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Active Projects

  • Developing cell-compatible devices for measuring endothelial cell chemotaxis.
  • Increasing gas transport in PEG-DA devices using superhydrophobic surfaces.
  • 3D printing porous membranes for cell-based devices

Currently Funded Grant Summaries

High-Density 3D Printed Microfluidics for Cell-Based Biomedical Applications

Microfluidics (lab-on-a-chip) is a promising technology for an extremely broad range of biomedical applications including drug discovery; tissue engineering; point-of-care diagnostics; and cancer screening based on rare cell detection, protein, DNA, or micro-RNA biomarkers, and circulating exosomes. This proposal aims to revolutionize the biomedical microfluidic ecosystem by developing 3D printing to routinely create very small, densely integrated microfluidic devices for the biomedical sciences. Such devices are not possible with conventional microfluidic fabrication techniques, which typically rely on careful alignment and bonding of a handful of individually fabricated layers, each of which has a 2D component layout. In contrast, 3D printing permits all 3 dimensions of the device volume to be fully utilized for component placement and channel routing, offering the opportunity for dense component integration and small device volume. Moreover, short print times enable fast fabrication and test cycles to dramatically speed device development. This proposal intends to initiate a virtuous cycle in which 3D printed microfluidics becomes a disruptive tool for biomedical innovation, which should have a substantial impact on human health.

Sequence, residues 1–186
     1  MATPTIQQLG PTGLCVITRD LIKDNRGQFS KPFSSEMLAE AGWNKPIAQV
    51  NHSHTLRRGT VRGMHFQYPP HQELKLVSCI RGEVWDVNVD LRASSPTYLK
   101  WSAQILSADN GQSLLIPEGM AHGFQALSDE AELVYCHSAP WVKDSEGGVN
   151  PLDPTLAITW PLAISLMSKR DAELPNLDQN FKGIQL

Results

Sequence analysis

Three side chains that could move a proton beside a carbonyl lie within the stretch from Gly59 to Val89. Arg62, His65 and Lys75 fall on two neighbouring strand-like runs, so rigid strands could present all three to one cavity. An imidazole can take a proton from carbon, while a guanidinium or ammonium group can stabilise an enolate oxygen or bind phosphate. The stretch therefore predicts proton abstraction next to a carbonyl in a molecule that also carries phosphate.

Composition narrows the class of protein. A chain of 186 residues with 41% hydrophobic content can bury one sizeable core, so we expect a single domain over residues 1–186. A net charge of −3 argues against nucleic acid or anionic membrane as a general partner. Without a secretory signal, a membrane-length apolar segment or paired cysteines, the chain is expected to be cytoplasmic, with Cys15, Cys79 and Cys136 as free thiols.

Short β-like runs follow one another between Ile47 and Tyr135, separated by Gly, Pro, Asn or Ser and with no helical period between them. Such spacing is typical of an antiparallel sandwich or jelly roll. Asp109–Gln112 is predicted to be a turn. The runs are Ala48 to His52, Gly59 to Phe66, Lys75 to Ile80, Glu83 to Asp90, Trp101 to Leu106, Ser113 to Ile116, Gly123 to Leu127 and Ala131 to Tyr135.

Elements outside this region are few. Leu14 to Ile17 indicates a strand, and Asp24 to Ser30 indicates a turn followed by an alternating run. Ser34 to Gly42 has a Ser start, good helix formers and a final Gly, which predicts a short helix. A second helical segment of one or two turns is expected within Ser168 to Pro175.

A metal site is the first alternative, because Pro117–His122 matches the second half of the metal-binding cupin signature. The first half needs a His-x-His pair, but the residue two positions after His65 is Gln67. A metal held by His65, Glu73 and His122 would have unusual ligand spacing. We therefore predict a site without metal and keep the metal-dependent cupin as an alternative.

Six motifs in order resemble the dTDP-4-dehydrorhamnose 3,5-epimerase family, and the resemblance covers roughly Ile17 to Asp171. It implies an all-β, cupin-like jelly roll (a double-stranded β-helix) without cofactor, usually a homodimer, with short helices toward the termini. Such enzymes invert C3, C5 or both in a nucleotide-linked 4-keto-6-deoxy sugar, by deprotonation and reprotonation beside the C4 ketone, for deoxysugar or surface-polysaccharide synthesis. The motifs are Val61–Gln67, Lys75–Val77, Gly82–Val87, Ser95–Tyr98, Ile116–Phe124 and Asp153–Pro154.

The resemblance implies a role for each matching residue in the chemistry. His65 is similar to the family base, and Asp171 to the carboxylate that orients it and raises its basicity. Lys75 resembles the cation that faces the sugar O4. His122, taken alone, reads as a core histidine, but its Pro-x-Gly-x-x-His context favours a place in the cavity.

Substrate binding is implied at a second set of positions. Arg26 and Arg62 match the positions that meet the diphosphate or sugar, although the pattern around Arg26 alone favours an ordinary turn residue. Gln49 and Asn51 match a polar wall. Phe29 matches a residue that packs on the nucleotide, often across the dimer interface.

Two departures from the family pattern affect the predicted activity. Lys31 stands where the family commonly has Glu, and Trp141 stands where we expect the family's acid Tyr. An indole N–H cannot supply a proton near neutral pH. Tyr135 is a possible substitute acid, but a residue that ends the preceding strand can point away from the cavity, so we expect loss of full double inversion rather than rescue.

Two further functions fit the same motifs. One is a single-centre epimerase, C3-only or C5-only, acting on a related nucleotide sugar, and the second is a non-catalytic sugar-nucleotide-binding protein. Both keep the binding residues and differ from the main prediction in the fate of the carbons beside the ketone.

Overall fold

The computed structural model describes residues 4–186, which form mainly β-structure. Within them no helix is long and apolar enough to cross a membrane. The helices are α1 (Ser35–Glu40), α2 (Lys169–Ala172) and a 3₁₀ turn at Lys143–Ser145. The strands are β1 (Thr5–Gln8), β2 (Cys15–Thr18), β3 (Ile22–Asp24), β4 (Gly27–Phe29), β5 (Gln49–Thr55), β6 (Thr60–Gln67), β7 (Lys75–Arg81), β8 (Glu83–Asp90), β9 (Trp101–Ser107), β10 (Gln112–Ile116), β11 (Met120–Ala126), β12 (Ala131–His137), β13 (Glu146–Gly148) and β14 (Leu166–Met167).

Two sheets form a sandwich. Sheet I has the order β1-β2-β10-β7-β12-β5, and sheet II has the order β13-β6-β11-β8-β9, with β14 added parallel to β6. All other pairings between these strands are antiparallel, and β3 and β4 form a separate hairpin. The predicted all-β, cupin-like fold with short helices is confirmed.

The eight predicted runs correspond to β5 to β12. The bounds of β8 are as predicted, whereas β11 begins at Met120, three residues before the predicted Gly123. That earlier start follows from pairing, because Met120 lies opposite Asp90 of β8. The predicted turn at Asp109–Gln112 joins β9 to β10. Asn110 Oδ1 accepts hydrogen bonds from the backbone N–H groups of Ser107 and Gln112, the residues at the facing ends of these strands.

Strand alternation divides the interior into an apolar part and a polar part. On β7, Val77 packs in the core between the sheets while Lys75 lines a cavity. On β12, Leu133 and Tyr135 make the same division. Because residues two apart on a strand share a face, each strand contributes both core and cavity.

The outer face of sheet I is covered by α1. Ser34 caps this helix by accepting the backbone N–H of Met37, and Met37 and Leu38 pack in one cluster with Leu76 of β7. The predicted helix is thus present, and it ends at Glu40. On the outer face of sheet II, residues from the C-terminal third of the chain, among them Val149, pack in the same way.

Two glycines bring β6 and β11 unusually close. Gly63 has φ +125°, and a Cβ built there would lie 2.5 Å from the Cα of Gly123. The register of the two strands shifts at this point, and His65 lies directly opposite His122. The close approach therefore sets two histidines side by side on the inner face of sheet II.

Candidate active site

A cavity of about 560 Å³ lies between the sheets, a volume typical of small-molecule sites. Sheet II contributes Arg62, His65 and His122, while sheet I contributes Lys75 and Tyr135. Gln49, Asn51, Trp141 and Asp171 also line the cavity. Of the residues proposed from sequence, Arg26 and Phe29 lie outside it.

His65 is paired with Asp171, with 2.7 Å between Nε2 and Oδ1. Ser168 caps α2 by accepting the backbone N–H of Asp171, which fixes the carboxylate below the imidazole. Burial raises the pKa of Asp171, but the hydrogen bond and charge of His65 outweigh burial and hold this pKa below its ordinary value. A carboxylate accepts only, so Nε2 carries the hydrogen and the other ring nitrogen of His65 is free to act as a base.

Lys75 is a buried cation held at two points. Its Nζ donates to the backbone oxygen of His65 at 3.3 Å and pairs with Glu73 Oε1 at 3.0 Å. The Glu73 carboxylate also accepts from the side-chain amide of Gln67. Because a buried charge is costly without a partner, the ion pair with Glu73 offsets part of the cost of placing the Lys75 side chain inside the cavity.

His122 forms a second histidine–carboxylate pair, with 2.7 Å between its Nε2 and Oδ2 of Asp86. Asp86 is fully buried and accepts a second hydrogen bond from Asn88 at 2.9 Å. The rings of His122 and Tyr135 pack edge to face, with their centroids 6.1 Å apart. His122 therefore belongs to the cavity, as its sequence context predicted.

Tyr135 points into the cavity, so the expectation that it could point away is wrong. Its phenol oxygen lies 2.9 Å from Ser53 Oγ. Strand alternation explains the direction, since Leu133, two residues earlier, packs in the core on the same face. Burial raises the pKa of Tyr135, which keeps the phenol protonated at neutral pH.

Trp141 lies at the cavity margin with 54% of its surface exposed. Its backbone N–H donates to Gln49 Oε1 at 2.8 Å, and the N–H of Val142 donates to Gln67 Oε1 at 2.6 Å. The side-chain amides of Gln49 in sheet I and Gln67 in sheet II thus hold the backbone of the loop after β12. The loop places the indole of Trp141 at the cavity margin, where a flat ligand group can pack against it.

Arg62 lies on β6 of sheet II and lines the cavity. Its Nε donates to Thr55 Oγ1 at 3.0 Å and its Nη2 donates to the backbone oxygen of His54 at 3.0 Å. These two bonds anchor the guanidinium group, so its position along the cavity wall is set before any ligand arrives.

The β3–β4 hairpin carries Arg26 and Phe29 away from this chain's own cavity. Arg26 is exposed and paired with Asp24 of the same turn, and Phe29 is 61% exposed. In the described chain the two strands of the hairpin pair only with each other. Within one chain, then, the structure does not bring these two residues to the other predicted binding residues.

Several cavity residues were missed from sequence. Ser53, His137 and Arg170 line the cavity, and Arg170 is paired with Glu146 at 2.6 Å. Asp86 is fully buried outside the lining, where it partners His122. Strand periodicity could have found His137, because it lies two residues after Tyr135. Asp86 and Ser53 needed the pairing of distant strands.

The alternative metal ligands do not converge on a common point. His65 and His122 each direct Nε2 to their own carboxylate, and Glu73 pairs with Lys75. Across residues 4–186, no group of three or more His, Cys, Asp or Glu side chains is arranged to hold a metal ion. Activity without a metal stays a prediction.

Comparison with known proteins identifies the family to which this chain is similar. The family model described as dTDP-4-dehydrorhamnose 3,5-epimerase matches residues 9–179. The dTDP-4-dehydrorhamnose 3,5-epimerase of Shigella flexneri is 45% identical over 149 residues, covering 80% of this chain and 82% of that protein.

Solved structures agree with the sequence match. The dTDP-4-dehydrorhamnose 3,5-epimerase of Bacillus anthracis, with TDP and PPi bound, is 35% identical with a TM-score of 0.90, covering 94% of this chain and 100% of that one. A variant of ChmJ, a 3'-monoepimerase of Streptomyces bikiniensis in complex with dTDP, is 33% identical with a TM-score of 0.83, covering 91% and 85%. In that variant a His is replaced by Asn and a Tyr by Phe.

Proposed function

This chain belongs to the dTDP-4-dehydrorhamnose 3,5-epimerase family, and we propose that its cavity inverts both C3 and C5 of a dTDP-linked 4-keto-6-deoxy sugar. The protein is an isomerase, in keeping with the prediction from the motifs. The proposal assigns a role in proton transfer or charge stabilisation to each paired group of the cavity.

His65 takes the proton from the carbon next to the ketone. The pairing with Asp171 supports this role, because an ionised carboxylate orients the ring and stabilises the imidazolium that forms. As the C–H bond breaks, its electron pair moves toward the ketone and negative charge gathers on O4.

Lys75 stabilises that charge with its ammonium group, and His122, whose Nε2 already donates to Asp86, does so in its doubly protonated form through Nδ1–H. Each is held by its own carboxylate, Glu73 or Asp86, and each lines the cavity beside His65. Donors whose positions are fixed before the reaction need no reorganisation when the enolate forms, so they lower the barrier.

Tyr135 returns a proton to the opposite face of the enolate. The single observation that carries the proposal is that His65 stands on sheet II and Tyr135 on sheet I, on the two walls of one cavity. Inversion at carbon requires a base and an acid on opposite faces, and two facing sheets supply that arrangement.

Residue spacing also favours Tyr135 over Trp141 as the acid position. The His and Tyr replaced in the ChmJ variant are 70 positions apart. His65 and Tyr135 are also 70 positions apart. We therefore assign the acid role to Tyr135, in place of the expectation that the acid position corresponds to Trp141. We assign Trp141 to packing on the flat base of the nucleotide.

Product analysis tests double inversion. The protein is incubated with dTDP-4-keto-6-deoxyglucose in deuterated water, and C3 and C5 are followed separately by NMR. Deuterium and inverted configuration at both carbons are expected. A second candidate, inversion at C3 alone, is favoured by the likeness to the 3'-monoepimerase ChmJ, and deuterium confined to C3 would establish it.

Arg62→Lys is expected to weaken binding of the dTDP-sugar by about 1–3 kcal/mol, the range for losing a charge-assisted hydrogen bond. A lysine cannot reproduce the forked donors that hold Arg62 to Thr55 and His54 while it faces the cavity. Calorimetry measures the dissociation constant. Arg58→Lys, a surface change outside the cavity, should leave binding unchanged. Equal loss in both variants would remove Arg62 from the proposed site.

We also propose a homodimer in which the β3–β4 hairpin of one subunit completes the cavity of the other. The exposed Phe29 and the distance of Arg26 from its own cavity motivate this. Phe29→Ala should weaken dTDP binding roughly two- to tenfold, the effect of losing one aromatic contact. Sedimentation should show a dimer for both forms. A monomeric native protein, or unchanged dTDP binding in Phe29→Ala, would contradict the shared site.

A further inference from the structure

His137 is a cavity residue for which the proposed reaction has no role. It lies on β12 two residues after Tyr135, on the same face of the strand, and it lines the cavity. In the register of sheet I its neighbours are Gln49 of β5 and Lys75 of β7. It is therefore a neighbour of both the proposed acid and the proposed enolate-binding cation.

To date, the key inhibiting factor for 3D printing has been the inability of commercial 3D printers and resins to fabricate the requisite microvoids that comprise microfluidic structures. Our recent results demonstrate that with the custom 3D printer and resin formulations we have designed and optimized, we can 3D print microfluidic devices with channels as small as 18 μm x 20 μm, valves only 150 μm in diameter, highly integrated pumps and mixers, and high density (88/mm2) chip-to-chip interconnections containing integrated microgaskets. Moreover, we have developed a new, inexpensive, open-source, biocompatible resin suitable for cell-based work. Initially, we will focus on developing new tools for higher resolution 3D printing of microfluidic devices to generate novel, previously unobtainable structures and properties. Next, we will develop devices with high-resolution porous membranes and functionalized resin formulations. Finally, we will develop and validate device performance using a direct cell-based chemotactic migration assay. In short, we will leverage and extend our 3D printer and resin technologies to innovatively reduce fluidic feature sizes to ~3 μm and create functionalized, porous membranes for cell-based adhesion and migration assays in devices with 3D geometries that are printed in 15 minutes.